JAIME: Returning to what Ashley was commenting about a card or certificate being lost or stolen, when after a length of time, a gift card goes unredeemed, who’s the rightful owner, the purchaser of the card, or perhaps a third party recipient of the card? Who do you hold the contract with?
AMY: So, this is really interesting. And so now we’re talking about a contract that we have with these gift cards or gift certificates for, a service or a good. Well that contract represents a. promise to exchange and pay for a property, right? Some sort of property, whether or not that be a service-based property, or shampoo and conditioner, actual I can touch it on the shelf. So this is sort of interesting. And I recently learned this federal law says that funds used from unused gift cards belong to the state of the last known address of the consumer. So if I have a gift card that is in my name, and I don’t use it, and it goes abandoned for five years, it belongs to the state of Illinois then because that’s where I’m located. And then each individual state has what they call escheat laws, E S C H E A T, escheat laws. And this is really a government’s right to property that has gone unclaimed for a period of time. And then when a property becomes quote/unquote abandoned, the state can take control and each state has their own rules as to how and when this can happen. So if you don’t use your gift certificate, and it sits in an old purse in the back of your closet, and five years have passed, and you don’t take steps to redeem it within that time, it belongs to the state in which you live. And that state then can get the value of it or claim that abandoned property in some way. So that’s sort of interesting to not only look at this in terms of, legally from a contract perspective, but also from a property perspective and what happens to an abandoned house. Eventually, government can take control of that abandoned house if they’ve gone to great lengths to try to find the owner, so that’s sort of interesting.
ASHLEY: That’s really interesting. So even if the business is still in business and that gift card goes unclaimed or unredeemed, I guess I should say, it still could be claimed by the state.
AMY: Yeah. It still could be claimed by the state. Now by this point from an accounting perspective, it changes whether or not that’s a liability and that’s a question for your CPA. So it’s not necessarily an outstanding liability for the business forever, and ever, and ever. And then, then, you know, the state is very specific as to how that gets redeemed and what that means for the state government. But yeah, so it can be claimed by government.
ASHLEY: So then if a business wanted to expedite redemption, what’s considered a good faith effort to notify the gift card holders of their available balances and kind of encourage redemption?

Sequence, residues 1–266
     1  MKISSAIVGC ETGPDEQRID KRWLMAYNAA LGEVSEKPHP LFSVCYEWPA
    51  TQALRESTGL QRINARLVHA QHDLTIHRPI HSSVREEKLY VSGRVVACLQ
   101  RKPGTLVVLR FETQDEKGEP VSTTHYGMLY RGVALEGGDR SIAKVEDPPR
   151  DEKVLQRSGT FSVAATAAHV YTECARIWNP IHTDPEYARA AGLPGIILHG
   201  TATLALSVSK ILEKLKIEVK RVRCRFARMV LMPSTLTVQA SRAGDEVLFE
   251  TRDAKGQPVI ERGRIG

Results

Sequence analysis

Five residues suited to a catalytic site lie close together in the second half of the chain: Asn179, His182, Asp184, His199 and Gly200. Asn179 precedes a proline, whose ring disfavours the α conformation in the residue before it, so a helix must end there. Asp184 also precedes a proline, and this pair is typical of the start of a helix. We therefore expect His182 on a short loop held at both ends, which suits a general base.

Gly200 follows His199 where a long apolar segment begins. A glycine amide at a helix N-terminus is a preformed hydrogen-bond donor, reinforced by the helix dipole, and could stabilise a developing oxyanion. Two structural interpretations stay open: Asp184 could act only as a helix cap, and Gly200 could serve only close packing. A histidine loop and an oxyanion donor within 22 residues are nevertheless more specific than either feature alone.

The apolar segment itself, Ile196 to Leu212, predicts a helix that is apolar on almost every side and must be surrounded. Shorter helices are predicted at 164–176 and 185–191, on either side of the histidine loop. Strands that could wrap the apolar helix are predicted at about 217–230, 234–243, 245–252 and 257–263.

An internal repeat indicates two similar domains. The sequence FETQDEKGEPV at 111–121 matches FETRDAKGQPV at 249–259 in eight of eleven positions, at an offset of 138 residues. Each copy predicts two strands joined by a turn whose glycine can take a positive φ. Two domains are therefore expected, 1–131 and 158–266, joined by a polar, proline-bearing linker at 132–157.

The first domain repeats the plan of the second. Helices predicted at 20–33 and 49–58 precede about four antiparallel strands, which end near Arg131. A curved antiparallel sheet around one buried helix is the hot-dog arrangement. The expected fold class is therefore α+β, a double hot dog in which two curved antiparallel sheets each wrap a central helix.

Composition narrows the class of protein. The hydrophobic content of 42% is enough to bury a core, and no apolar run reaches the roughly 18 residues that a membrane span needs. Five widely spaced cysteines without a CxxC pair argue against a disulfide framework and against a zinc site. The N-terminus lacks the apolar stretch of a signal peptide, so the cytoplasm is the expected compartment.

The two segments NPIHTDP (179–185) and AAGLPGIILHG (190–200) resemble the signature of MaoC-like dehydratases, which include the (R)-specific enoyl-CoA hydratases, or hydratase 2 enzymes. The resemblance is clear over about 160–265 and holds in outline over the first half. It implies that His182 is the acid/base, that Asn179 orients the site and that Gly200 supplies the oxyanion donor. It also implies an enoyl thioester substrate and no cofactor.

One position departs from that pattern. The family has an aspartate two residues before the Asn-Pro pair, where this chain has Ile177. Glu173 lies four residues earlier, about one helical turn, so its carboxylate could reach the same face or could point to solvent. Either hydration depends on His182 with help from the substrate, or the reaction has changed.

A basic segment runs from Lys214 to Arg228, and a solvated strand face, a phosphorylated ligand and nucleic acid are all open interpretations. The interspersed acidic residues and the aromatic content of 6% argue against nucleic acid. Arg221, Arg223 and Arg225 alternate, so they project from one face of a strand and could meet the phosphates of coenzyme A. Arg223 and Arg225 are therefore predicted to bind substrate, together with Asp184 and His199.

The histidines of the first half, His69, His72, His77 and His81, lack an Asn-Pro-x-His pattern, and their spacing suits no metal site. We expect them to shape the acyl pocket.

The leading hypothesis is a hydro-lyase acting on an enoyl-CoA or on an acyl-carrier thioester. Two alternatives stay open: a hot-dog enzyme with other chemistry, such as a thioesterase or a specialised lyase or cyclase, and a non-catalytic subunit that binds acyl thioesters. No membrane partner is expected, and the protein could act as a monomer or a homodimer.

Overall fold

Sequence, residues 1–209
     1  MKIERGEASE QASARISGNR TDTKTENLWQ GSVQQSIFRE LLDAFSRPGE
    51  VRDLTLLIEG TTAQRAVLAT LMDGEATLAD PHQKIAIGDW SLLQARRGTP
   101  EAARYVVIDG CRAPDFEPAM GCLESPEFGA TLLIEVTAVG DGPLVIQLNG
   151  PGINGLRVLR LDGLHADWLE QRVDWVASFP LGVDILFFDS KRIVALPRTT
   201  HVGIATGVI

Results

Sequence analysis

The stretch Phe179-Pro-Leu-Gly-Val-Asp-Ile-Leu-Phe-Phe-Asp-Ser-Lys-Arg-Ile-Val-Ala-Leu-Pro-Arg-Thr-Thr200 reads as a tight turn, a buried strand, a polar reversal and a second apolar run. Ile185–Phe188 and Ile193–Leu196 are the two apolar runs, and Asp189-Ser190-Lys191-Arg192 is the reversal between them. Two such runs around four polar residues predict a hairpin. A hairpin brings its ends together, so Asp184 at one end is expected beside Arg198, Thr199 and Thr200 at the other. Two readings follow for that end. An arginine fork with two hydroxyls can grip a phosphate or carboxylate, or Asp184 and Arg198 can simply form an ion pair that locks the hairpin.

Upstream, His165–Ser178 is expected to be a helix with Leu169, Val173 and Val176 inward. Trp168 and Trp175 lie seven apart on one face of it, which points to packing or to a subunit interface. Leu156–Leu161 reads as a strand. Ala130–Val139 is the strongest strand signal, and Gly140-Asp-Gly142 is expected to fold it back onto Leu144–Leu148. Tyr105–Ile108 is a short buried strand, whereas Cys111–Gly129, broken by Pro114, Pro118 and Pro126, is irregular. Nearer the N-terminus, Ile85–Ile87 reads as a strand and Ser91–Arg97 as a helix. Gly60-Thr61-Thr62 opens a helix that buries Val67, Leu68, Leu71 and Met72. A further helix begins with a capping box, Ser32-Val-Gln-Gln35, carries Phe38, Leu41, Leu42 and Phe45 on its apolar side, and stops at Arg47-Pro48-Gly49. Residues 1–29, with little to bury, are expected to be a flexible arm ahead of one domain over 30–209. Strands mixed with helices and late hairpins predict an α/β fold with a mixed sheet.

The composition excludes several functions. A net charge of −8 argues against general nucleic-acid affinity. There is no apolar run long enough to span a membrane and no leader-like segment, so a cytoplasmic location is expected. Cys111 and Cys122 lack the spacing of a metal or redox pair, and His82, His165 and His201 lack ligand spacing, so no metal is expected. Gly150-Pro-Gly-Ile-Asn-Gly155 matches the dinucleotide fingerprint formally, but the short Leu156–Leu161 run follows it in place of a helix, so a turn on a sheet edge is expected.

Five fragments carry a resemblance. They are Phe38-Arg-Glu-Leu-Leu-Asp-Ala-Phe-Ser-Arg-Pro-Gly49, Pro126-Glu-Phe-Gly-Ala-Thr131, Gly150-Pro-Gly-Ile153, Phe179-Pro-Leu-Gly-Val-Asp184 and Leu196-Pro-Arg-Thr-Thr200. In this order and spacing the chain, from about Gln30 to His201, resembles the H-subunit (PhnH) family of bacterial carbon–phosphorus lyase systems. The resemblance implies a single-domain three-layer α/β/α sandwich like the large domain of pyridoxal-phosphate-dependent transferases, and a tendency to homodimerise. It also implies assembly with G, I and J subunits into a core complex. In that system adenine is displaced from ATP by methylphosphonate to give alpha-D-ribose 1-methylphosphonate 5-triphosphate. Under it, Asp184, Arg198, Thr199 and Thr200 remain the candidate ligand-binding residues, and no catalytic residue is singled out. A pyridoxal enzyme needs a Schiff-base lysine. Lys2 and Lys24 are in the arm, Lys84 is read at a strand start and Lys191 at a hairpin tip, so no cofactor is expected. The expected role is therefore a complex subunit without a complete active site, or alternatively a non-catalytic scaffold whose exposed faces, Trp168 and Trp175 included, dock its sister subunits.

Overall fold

AMY: Yeah, so from a legal perspective, there’s really not much here other than you can’t really change the terms and conditions. The gift card or gift certificate remains outstanding for five years, unless you decide to charge a fee based on your state regulations. So really from a business practice standpoint, I would just say email correspondence, encourage customers to use their gift cards by maybe offering special discounts for gift card purchases, or additional bonus gifts when the customer redeems the gift card. If you’re looking to move that gift card from a liability over to an asset, in your books then, kind of good marketing or encouraging customers to use it by tacking onto the additional bonus is a good way to do that.
JAIME: What happens to those outstanding liabilities if a business closes, or changes ownership, or declares bankruptcy?
AMY: So again, this is a very interesting legal question. What happens to consumers and their gift cards of a retailer that issued those cards goes bankrupt and that’s certainly happened many times in the past few years. And so, some huge names that have filed for bankruptcy under chapter 11, which is the corporate bankruptcy chapter of the bankruptcy code, is places like Borders, Sharper Image, Radio Shack. So the amount on each of your gift cards may not be large, but the aggregate amount of all the gift cards issued by a retailer can be huge. So for example, when Sharper Image closed, they had about $19 million in unused gift cards when they filed for bankruptcy. At one point in Radio Shack’s bankruptcy case, there were about $46 million of unexpired outstanding gift cards. So then what happens is, and this is also very interesting too, a gift card holder can essentially petition that bankruptcy proceeding to say, hey, I’ve got to be paid on this because I’ve purchased it. And so this is what we call secured creditors or unsecured creditors and the law. And that simply means when someone goes bankrupt and they presumably owe a lot of people a lot of money, who gets to be first in line to collect any money after the company is liquidated? And in some cases, based on the bankruptcy proceedings, the holder of gift cards can get some amount of money, whether or not it’s the full value of a gift card, or whether it’s a lower negotiated rate remains to be seen. Most people probably just throw their hands up and say, oh well. But in some cases, you have a status to get money on those gift cards. Typically though, what happens is as part of the bankruptcy procedures, the retailers, the stores that are going through bankruptcy really try to seek to limit the time in which gift card holders can redeem their cards, maybe requiring them to make additional purchases in amounts exceeding the value of the card, or require the card to be fully redeemed at one time, for example. So what we’re talking about in a bankruptcy proceeding is basically everything goes into the pot, and gets melted, and based on where you’re standing in line as a creditor, you’ll get a portion of all the stuff that was melted down from the company.